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Trade Aid shop manager sees fair trade at work

Courtesy of Te Awamutu Courier
Lois Titchener
BEATING FAIR TRADE DRUM: Lois Titchener, at Te Awamutu Trade Aid shop with one of the distinctive Nagori drums from an Indian village she visited. 117071AD

By Grant Johnston

When Lois Titchener picked up a drum from the local Trade Aid shop she manages, it bought a tear to her eye.

Mrs Titchener recently returned from a three week educational tour with nine other New Zealand ‘trade aiders’ to India, Nepal and Thailand. Seeing the drum reminded her of her visit to an equitable marketing association in a village in the countryside out of Kolkata (India). The ‘differently abled’ producers make drums.

“They put on an impromptu concert for us and the sheer joy in their faces was something to behold,” Mrs Titchener recalls.

She also visited Timmi Potteries in Nepal which makes pottery stocked by Te Awamutu Trade Aid, candle makers in India (including one striking young woman who was deaf, partially sighted and mute).

She says while helping to sell goods to assist fair trade in poor countries around the world has meant something special to her in the 11 years she has been involved with the local Trade Aid shop, it has added meaning now.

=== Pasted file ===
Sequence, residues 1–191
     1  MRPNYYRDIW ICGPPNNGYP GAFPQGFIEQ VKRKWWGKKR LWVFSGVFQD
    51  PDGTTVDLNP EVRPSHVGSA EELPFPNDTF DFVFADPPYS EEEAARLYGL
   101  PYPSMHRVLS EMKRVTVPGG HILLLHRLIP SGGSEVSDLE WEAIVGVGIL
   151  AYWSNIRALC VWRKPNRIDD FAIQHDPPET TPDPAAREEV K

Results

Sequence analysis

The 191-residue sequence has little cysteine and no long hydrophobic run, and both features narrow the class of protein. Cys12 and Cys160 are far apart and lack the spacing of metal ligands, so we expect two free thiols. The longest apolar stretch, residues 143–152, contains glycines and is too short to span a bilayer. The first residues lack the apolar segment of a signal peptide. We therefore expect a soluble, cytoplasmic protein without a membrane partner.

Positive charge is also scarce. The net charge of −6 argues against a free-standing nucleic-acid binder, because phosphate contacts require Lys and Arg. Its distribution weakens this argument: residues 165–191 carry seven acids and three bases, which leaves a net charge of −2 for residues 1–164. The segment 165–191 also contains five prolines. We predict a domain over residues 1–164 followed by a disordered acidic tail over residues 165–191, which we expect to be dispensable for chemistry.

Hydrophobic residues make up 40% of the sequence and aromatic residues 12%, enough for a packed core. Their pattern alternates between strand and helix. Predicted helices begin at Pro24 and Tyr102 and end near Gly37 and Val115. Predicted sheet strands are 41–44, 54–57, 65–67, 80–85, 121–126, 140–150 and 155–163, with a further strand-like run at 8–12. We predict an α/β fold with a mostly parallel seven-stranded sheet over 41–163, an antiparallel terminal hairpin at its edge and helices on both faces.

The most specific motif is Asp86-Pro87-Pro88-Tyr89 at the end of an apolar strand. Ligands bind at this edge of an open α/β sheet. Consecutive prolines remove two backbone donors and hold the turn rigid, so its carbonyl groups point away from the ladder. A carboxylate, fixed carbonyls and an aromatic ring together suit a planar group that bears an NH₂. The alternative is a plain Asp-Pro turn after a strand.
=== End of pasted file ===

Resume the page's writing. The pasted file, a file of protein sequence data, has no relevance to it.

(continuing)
“After the trip I am more convinced than ever of how much we are relied on to purchase products from artisans in producer groups so that in turn their children will be educated and break the cycle of poverty.

“Supporting fair trade helps hundreds of thousands of children worldwide to receive an education.”

The group met a woman in Kolkata who, through her involvement with a producer group, has put her four children through university.

“They have gone on to obtain good careers.”

Mrs Titchener says fair trade provides a win/win situation - with local buyers obtaining goods to keep or for gifts and the artisans obtaining a livelihood with dignity.

May 12 is Fair Trade Day and the Te Awamutu Trade Aid store plans to have a great sale on that day, lucky spot prizes and chocolate tasting (the chocolate is made in Belgium, but supports organic cocoa growers in Ghana and sugar producers in Costa Rica). Children can enter the fair trade postcard competition (sent to schools and available at Trade Aid shops).

Mrs Titchener says she is available to speak to groups and schools about Trade Aid and her recent trip. She can be contacted via the Trade Aid shop at 871 8256.